Stephen Guy Vogt
- Bats Left, Throws Right
- Height 6' 0", Weight 215 lb.
- School Azusa Pacific University
- High School Central Valley Christian High School
- Debut April 6, 2012
- Final Game October 5, 2022
- Born November 1, 1984 in Visalia, CA USA
Vogt hit .476 as a college senior (.448 overall at Azusa Pacific University) and was named a NAIA All-American. He was selected by the Tampa Bay Devil Rays in the 12th round of the 2007 amateur draft (the scout was Jake Wilson) and made his pro debut that summer, hitting .300/.371/.383 in 70 games for the Hudson Valley Renegades. He was 5th in the New York-Penn League with 48 RBI, between Manuel Rodriguez and Casper Wells.
With the Columbus Catfish the following summer, he started the season slowly, but he hit .360 with 5 home runs after the All-Star break to end the year with a .291/.368/.408 batting line and 6 homers overall. He did not have a set position, appearing in at least 15 games in left field, catcher and first base.
Playing for the Charlotte Stone Crabs early in the 2009 campaign, he suffered a season-ending shoulder injury after going 6 for 35 with two doubles and two walks in 10 games. However, he managed to get into one game later in the season... as an umpire. During an August Stone Crabs game, home plate umpire Matt Cunningham was injured after being struck by a pitch. Vogt, who had umpired Little League ball, volunteered to step in, and both teams' managers agreed.
Vogt bounced back in 2010, hitting .345/.399/.511 with 31 doubles for the Stone Crabs while winning the Florida State League batting crown by 22 points over Erik Komatsu. He still did not have a set position, playing DH, catcher, left field and first base. In addition to his batting title, he led the FSL in slugging (36 points over Melky Mesa) and OPS (55 points over Komatsu). He was second in OBP, 14 points shy of Komatsu. He tied Komatsu and Quincy Latimore for 6th in the FSL in two-baggers. He was named the FSL All-Star DH.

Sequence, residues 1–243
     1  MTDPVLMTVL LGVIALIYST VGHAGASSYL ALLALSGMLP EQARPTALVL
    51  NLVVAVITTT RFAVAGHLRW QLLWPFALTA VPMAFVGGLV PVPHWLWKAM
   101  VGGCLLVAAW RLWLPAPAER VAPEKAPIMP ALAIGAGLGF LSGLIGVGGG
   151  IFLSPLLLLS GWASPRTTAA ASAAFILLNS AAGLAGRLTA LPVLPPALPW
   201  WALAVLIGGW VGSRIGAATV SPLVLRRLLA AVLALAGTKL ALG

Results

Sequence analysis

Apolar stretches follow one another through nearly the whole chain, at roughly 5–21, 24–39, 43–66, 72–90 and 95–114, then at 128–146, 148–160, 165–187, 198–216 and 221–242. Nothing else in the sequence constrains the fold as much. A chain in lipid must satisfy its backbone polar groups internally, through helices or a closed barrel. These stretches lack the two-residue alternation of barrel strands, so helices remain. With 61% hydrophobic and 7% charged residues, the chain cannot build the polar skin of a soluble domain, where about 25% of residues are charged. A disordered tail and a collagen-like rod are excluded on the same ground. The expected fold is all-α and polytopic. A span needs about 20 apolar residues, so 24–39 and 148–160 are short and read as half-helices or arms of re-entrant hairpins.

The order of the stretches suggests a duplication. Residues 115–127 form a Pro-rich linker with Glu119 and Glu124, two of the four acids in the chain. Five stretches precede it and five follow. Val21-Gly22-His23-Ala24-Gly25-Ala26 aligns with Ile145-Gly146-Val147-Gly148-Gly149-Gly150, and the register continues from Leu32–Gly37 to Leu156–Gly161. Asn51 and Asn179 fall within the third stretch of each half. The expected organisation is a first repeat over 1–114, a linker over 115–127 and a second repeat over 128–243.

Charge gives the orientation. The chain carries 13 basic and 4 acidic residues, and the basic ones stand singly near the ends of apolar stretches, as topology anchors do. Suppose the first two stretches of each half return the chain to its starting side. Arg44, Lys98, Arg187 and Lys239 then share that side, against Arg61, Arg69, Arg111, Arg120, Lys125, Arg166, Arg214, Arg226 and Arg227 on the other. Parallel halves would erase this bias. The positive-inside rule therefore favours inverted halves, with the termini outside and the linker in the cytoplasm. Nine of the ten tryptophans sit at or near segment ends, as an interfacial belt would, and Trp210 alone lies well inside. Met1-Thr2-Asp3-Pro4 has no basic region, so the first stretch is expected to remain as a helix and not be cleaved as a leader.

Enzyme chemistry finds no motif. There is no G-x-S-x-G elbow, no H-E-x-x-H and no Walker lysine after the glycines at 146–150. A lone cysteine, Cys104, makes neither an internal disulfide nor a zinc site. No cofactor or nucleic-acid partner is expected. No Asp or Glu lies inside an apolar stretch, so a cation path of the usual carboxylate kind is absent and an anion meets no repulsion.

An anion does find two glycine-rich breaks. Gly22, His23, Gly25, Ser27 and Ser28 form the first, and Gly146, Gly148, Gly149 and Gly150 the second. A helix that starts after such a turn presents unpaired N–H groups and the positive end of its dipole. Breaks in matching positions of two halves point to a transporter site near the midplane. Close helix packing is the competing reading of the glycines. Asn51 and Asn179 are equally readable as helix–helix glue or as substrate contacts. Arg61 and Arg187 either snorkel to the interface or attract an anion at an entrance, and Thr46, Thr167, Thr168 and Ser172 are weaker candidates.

He began 2011 with the AA Montgomery Biscuits and hit .301/.344/.487 in 97 games before being promoted to the AAA Durham Bulls in late July (.290/.305/.516 in 31 games there), hitting .298 with 35 doubles, 105 RBI and 17 home runs (he had 18 in his first 4 seasons) and 105 RBI between the two clubs. He led the Tampa Bay chain in RBI, with the 4th-highest total in franchise annals to that point. Despite his promotion to Durham, he tied Alfredo Silverio for 5th in the Southern League in RBI, was 9th in average (between Alex Romero and Tyler Pastornicky) and was 9th in slugging (between Kyle Russell and Ben Lasater). He was named the SL All-Star catcher despite playing only 44 games behind the dish for Montgomery. He was named the Rays Minor League Player of the Year.
He made the Rays' Opening Day roster in 2012 and made his big league debut against the New York Yankees on April 6th, striking out as a pinch-hitter against pitcher David Robertson in his only at-bat. He was 0 for 13 for Tampa Bay before being sent back to Durham; B.J. Upton took his roster spot. He spent the remainder of the year at Durham, hitting .272/.350/.424 in 94 games. He went to spring training with the Rays in 2013, but could not make the team and on April 6th, he was traded to the Oakland Athletics for future considerations. He started the year with the AAA Sacramento RiverCats, then was called up to Oakland at the end of June. After going 0 for 6 in his first two games, he finally managed his first career hit on June 28th, and it was a home run off Joe Kelly in the 4th inning of a 6-1 win over the St. Louis Cardinals; the hit came after 32 fruitless at-bats and 35 unsuccessful plate appearances. Once that first hit was finally out of the way, Vogt played a lot better, finishing the season at.252/.295/.400 in 47 games; he hit 6 doubles and 4 homers and drove in 16 runs. Because of injuries to the A's other catchers - Derek Norris and John Jaso - he got a chance to start in the postseason; he went 3 for 16 with a triple in 5 games as the Athletics lost the ALDS to the Detroit Tigers.
Vogt played a full season in 2014 and put up some good numbers, hitting .279 with 10 doubles, 9 homers and 35 RBIs in 84 games for an OPS+ of 112. However, he played his last game as a catcher on July 7th because of a muscle tear in his right foot, spending the remainder of the year at first base and as a designated hitter. In the Wild Card Game against the Kansas City Royals on September 30th, he started the game at first base and went 0 for 3 with a walk before being pinch-hit for by Nate Freiman in the 10th inning when the Royals brought in lefty reliever Brandon Finnegan. He then followed that with two very good seasons in 2015 and 2016. The first year, he hit .261 in 136 games with 18 homers and 71 RBIs and was named to the All-Star team for the first time. He then followed that with a .251 average, 30 doubles, 14 homers and 56 RBIs, and returned to the Midsummer Classic.